# Compensating Development Timer
Developing traditional film and silver paper is very temperature
dependent. The warmer the developer solution, the less time the film
or paper needed to be developed and vice-versa. Historically, people
read the temperature and then manually corrected their development
time accordingly, using a correction table provided by the
It turns out that these corrections for temperature are quite similar
across different manufacturers of film and paper, although the
corrections *are* different for film *versus* paper.
Many years ago, a company called "Zone VI" realized this and created
an analog timer that corrected for this effect. You placed a
temperature probe into the developer and it corrected - via analog
adjustments - what a "virtual second" actually had to be. The
photographer just looked up the normal development time for 68F
developer and the timer ran faster or slower based on the actual
temperature. Better still, if the temperature of developer varied
*during* development, it corrected for that in realtime. The Zone VI
Compensating Timer had settings for film, paper, and realtime.
The timer was a work of genius engineering and a really nice
addition to the serious photographer's wet dakroom. I've depended
on one of these for years to make my darkroom work repeatable
with minimal thinking or measuring. Mine is getting kind of old
now and I began to wonder what I would do if it broke. The timer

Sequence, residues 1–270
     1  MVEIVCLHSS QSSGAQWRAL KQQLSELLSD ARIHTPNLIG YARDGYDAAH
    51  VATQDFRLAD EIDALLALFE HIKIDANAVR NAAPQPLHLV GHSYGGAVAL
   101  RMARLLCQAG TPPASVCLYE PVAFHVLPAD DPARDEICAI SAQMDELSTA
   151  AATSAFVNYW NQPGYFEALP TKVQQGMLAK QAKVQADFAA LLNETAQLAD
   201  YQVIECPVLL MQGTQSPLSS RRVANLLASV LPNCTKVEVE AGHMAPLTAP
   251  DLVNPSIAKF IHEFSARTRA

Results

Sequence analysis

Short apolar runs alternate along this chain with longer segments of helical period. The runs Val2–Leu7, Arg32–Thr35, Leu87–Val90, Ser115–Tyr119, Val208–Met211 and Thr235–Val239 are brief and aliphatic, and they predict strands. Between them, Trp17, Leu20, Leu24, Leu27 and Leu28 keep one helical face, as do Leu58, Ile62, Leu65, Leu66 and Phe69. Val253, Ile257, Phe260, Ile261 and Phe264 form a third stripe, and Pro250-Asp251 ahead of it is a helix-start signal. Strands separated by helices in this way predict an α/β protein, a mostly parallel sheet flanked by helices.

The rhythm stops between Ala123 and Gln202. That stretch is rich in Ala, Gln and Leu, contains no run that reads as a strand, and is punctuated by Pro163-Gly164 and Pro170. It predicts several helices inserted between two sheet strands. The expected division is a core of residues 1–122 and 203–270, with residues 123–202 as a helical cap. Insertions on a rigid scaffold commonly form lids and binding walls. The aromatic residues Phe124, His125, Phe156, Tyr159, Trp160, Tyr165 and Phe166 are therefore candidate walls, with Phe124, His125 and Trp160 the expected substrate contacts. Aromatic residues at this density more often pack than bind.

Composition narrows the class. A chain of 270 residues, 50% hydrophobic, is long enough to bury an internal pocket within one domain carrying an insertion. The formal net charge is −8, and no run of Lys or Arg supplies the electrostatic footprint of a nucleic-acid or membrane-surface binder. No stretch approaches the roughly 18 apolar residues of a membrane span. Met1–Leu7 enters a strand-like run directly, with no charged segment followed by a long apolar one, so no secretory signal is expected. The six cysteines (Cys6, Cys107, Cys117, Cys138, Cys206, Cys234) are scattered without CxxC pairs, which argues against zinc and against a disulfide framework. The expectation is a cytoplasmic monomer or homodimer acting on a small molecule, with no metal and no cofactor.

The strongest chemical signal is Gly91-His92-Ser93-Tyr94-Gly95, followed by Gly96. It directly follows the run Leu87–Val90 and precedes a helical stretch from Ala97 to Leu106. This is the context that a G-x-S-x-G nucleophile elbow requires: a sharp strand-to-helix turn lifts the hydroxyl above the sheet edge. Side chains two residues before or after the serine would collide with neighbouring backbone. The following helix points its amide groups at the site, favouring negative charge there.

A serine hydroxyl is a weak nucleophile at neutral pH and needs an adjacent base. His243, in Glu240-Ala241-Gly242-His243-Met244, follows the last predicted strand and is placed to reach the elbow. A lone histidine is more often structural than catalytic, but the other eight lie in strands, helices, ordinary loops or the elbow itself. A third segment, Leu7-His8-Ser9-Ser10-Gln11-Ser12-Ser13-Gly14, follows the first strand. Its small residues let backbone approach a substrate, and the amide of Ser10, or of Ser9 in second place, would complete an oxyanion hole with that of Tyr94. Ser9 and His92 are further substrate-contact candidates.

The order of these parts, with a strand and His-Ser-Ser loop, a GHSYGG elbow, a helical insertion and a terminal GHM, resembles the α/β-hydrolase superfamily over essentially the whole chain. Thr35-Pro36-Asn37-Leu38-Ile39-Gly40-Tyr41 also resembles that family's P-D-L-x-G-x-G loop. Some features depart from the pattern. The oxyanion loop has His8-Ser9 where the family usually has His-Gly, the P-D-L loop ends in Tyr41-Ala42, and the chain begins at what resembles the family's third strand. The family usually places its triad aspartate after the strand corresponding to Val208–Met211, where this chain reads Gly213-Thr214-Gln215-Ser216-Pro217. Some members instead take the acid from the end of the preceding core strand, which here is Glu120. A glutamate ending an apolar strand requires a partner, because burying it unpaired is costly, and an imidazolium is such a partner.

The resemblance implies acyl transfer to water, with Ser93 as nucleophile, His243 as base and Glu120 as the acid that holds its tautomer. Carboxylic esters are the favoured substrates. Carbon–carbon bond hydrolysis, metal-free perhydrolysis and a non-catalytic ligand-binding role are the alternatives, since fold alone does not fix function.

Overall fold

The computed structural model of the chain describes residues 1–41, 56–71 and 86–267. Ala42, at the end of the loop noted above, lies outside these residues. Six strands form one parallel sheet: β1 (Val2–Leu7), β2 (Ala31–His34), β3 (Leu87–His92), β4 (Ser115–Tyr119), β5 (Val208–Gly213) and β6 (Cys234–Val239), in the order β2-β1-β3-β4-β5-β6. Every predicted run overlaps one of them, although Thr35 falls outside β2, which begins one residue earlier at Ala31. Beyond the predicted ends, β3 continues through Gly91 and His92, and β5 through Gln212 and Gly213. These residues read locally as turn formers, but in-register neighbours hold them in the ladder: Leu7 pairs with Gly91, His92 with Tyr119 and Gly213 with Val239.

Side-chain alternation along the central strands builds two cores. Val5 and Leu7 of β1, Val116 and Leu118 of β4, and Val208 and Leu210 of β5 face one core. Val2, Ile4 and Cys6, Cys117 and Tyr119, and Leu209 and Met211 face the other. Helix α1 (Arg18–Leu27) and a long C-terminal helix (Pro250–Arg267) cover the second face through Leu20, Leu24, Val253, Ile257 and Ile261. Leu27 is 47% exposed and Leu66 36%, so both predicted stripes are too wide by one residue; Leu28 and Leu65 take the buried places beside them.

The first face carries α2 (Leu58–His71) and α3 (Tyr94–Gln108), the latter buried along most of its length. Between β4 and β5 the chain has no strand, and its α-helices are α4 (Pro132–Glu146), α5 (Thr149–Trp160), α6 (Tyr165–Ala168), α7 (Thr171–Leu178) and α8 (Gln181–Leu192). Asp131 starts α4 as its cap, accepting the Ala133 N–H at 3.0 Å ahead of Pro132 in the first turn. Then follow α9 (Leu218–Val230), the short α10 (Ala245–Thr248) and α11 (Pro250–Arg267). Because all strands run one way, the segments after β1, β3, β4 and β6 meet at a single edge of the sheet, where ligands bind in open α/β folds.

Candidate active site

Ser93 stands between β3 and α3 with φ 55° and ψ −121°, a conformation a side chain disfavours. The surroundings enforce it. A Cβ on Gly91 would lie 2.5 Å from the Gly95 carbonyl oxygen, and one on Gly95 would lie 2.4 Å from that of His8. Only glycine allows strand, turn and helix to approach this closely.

did come with a "Lifetime Warranty", Sadly Zone VI and
its founder, Fred Picker, are both now long gone making warranty
claims ... difficult.
While I could design an analog replacement or just figure out the
circuit of the Zone VI, it occurred to me that it would be easier to
just design a "work alike". Thanks to the explosion of interest
in robotics and the Internet Of Things, there is an embarassment
of riches of computers, sensors, switches, temperature probes,
and so forth. Not only can we build something like this ourselves,
doing so has several advantages over the old Zone VI timer:
* It's digital, not analog, so we don't have mess with
a bunch of precision parts and corrective feedback circuits.
* It's software controlled so you can customize how this timer works
to suit you. Don't like my compensation factors? Want to adapt
this for a different application? Both are easily done with
* It's cheap. You can build one of these for well under $50. (The
original Zone VI timer was around $200 if memory serves, and that
was when money was still worth something. :)
## Required Skill Level
As of this writing, you'll need to be an accomplished Raspberry Pi
hacker or have access to someone who is. The goal is to eventually
package this up in a way that a relatively inexperienced person could
build it, but I wanted to make the code and design available as early
as possible for those who have have already expressed an interest in
## State Of The Project
The hardware design is really simple because it's based on
a Raspberry Pi Zero platform. The whole timer uses a little
over a dozen parts in total ... that's including a case and
USB power supply.
Think of this as an "MVP" (Minimum Viable Product) implementation of
the timer. It works as expected but needs to be turned into a real
"product". The code is completely working but not "done". It's needs
a fair bit of tidying up, factoring, reorganizing, etc. But it
HOWEVER ... there are essentially NO docs right now. You have to
figure out stuff from the code or reading this very limited document.
This will hopefully change with time but - for now - you pretty much
need to know how to read Python and do simple wiring.
## Basic Hardware Connections
The code will tell where to connect things on a Raspberri Pi Zero.
*Note that these reference GPIO pin numbers, not device pin numbers.*